When it comes to building websites that are focused on content, the best option is using a content management system. A list of 10 most widely used CMS has been complied for you. Have a look! (original is from MakeUseOf). About the author: Christian Cawley is MakeUseOf’s security and Linux editor, with extensive experience in IT desktop and software support. Feature image courtesy of Rawpixel.com bia Bigstockphoto.
Perhaps you’re planning to set up a blog. You might have been asked to launch (or revive) your employer’s corporate website. Or, you might just want to announce your presence online.
Heave a sigh of relief as the days of hand-coded HTML pages, and mastering CSS, are long gone. All it takes today is to purchase some hosting and install a content management system (CMS). Within minutes, your new website will be polished, a pleasing theme chosen, and your content on show for the world to see.
What is a Content Management System?
It’s important to note the distinction between a CMS and a customer relationship management tool, or a document management service (such as Microsoft SharePoint). Text editors are not CMS tools, for instance.
Content Management Systems are web-based applications that are designed for the creation and updating of websites. They may have themes or plugins to extend functionality, and make the management of a website simple.
WordPress remains popular for running a website, but other CMS solutions are available. Some of these might replicate WordPress’s “jack-of-all-trades” approach, while others may specialize. For instance, a portfolio-focused CMS might be ideal for artists; an audio-focused solution more suitable for musicians or podcasters.
These solutions all have their own strengths and benefits. Let’s see what’s available.
The following list of content management systems are free to download and use unless otherwise stated.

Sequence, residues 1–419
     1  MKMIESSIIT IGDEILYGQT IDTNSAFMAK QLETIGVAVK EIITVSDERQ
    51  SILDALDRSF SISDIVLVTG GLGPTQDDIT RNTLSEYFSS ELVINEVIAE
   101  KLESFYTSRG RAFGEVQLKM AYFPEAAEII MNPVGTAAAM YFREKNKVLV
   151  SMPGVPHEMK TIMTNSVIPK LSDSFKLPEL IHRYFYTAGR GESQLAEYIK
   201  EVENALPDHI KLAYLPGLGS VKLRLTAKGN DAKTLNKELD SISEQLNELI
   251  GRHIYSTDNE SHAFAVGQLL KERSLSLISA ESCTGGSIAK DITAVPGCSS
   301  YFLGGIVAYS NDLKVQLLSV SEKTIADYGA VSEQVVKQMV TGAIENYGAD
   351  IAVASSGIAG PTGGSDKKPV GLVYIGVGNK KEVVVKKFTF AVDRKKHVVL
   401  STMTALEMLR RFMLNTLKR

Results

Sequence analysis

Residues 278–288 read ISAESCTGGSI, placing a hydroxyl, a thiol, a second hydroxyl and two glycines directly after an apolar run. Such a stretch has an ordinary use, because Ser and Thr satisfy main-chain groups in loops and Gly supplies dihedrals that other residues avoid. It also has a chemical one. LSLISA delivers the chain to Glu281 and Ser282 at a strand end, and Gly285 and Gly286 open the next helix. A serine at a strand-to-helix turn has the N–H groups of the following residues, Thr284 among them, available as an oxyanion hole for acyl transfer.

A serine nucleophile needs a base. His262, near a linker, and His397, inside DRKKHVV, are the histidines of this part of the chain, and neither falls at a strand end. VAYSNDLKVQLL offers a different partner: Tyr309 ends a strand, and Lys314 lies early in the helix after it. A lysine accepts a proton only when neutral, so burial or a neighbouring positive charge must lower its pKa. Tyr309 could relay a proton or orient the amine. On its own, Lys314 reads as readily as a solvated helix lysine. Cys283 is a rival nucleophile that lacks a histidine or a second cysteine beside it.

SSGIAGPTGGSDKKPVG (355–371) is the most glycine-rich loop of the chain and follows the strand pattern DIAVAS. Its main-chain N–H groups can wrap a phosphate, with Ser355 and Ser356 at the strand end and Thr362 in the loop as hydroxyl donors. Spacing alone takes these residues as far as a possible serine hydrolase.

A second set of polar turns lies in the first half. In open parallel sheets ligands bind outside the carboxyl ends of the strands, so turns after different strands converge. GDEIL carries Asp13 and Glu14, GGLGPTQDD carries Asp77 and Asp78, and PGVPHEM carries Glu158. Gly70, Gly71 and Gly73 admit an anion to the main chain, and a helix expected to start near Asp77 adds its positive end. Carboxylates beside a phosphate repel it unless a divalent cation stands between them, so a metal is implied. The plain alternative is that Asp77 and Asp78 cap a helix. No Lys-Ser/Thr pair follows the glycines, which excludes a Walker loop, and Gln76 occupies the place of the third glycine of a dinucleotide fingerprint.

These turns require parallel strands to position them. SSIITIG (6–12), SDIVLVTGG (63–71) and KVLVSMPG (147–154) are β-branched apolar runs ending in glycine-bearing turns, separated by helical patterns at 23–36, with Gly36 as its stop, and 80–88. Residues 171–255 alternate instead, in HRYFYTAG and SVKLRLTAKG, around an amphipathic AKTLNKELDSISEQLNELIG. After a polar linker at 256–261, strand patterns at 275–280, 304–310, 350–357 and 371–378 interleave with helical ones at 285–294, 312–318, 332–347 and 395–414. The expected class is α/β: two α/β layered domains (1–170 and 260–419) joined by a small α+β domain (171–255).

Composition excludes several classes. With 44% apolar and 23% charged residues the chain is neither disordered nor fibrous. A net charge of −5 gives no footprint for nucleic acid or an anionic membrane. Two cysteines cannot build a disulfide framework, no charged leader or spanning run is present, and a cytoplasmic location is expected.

It remains the most widely used content management system on the web, so it would be crazy to list the most popular CMS tools without a mention of WordPress. Many of your favorite websites rely on WordPress, not to mention countless blogs.
Several have already been created in the past hour using WordPress.
After all, WordPress offers a quick and simple installation, when done manually. Many web hosts offer automated, one-click installation. The vast developer community has collaborated on creating and offering feedback for an unparalleled collection of plugins, enhancements, and themes. Most of these are free; some are paid.
Fancy getting your hands dirty with some light PHP or CSS? You can edit key theme and plugin files from within the WordPress admin screen. That’s what we call flexible.
James Bruce’s manual, WordPress: Your Ultimate Guide, will help you to get started with this CMS and blogging tool.
2. Google Sites
Let’s get started with perhaps the most user-friendly content management system currently available. Google Sites makes it as easy to create and edit a website as creating a document in Microsoft Word.
While many of the CMS applications in this list will be available for free, ExpressionEngine is one that offers both free and paid versions. The premium ExpressionEngine CMS is available for $299 per license; for users preferring a free option, ExpressionEngine Core is available.
And if you opt for the paid version, ExpressionEngine comes with the full set of features (ExpressionEngine Core offers a limited choice). There’s also a third-party e-commerce add-on, CartThrob, available for $249.
Open source CMS solution SilverStripe doubles up as a standard CMS as well as a framework for web applications. Don’t want to develop a web app? That’s no problem, as the CMS is powerful enough to sit in the background of most websites.
Designed with both bloggers and designers in mind, TextPattern comes in an incredibly modest 2 MB download. Within minutes, you’ll be blogging. If you want to tweak the design, all aspects of the XHTML and CSS can be manipulated via the admin interface.
Be aware, however, that TextPattern is aimed squarely at bloggers; it can form the heart of a corporate blog, but bloggers will benefit best. TextPattern features an anti-spam comment system and if you need support, there’s friendly and useful support via the forum.